There are alarming signs that some young people in Scotland are looking for a leader like far-right activist and EDL co-founder Tommy Robinson, writes Alistair Heather.
Elements of Scotland’s youth have taken a sharp turn to the right. Recently my girlfriend and I got into a bit of a flare-up with some young Arbroath fans on a late ScotRail train up the coast.
“Rudi Skácel is a f****** refugee” rang up and down the busy carriage as we left Carnoustie, a tight knuckle of drunk young fans forming a chorus section at one end of the train. This is the same Hibs chant that Scotland striker Leigh Griffiths was recorded singing in a pub. Overconfident with drink, my partner and I confronted the group. The result was a messy slagging match and a loud chorus of “Tory c***, Tory Tory c***” down the train at us until Arbroath, the group disarmingly both anti-Tory and anti-refugee.
Young supporters of Heart of Midlothian also recently photographed themselves with Tommy Robinson masks before a match. Tynecastle has been marred with an emergence of horrendous chants, some in support of Robinson. That same hate-preacher has since declared his intention to attend a Hearts game. I like to hope that he would be forced into the same humiliating run-for-cover that overtook Brexit fraud Nigel Farage on his visit to the capital. But I worry that, this time round, protesters would be met by a hardcore of disenchanted youth, ready to fight to defend their adopted totem.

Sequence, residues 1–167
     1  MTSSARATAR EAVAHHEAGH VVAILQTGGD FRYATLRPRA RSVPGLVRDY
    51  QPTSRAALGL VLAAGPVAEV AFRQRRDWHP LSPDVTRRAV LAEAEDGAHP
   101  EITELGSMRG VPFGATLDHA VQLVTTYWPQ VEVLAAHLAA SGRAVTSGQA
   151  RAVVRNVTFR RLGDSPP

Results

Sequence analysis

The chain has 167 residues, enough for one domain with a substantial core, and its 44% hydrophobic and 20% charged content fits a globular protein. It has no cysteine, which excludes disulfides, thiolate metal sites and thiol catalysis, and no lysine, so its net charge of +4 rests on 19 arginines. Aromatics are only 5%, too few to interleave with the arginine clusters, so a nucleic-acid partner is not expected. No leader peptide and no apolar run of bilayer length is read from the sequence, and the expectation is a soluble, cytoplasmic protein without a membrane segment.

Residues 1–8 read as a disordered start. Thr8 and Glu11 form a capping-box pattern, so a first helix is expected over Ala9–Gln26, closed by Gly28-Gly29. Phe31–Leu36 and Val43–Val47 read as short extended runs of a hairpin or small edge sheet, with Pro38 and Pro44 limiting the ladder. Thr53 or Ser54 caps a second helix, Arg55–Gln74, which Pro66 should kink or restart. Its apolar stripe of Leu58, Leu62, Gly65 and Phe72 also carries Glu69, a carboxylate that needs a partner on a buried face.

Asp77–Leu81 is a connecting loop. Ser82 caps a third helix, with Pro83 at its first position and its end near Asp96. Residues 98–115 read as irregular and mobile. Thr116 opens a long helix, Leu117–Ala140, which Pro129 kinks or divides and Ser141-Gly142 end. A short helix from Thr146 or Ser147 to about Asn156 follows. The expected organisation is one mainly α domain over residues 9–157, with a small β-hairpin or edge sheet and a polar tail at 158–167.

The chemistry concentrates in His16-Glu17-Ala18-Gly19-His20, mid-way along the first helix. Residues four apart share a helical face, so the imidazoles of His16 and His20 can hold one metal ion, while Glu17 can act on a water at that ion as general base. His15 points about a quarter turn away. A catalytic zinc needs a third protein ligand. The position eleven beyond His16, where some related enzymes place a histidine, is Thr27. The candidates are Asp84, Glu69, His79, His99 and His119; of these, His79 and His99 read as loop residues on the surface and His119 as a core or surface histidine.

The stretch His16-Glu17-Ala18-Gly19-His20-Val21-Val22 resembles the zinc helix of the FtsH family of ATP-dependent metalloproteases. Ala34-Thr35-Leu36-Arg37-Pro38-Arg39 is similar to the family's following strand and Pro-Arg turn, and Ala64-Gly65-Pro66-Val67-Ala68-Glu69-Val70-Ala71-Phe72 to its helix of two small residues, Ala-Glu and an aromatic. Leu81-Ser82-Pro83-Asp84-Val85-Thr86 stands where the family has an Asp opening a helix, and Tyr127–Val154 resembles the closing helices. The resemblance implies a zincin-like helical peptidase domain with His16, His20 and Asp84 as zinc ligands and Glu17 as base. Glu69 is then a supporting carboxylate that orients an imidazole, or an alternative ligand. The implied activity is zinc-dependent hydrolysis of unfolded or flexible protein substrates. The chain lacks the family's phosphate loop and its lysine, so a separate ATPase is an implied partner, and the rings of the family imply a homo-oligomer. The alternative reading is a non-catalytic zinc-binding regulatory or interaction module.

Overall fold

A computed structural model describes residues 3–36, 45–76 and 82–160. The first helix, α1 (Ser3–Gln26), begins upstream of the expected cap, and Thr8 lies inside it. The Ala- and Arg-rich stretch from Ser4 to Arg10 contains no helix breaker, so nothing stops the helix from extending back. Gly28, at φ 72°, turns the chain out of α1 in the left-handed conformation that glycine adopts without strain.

These two examples are from the football, but it is not a football problem. Indeed, the lust for strong, contra-identity likely attracts them to the glorious tribal identities of Scottish football as much as it does to the identity politics of Robinson or anti-Toryism or anti-refugee-ism. Nor is it a youth problem. There is an increasingly large group of disenchanted, anti-establishment people in Scotland awaiting a leader. Our current political and social scene is creating them.
The Yes movement birthed around the 2014 referendum activated a huge number of ordinary Scots, and gave them a taste for social influence, safe rebellion and the intoxication of group action. I was part of it, and loved it. But whilst the majority of the movement has carried on aiming for independence and pressing towards that goal through manifold soft means, a hardcore fringe has developed.
This Indy fringe became excluded through a sense of being unrepresented by an out-of-touch media. The coverage around the 2014 referendum, where the vast majority of media outlets favoured a No vote, has led to a long-term distrust of mainstream titles. The Indy fringe also feel unheeded by the centrists of the SNP, the former in a permanent ferment for a new referendum, regardless of the pessimism of the polls, the latter awaiting an opportune moment to strike again for independence. Sun and moon establishments – Holyrood and Westminster – serve as targets for the ire of the disenchanted. And amongst this thrang move the Russian bots, number-hungry bloggers and anonymous trolls sowing cynicism, conspiracy and discontent.
Hardcore Brit Nats have a similar fringe. Both drive their own fury through Facebook groups, sharing fake or slanted news, through certain bloggers preaching to the converted in exchange for notoriety and numbers, and through a self-sustained idea of being ignored by the mainstream and united against a corrupt establishment.
So why is Steven Yaxley-Lennon (Tommy Robinson’s real name) proving popular with this contra mob?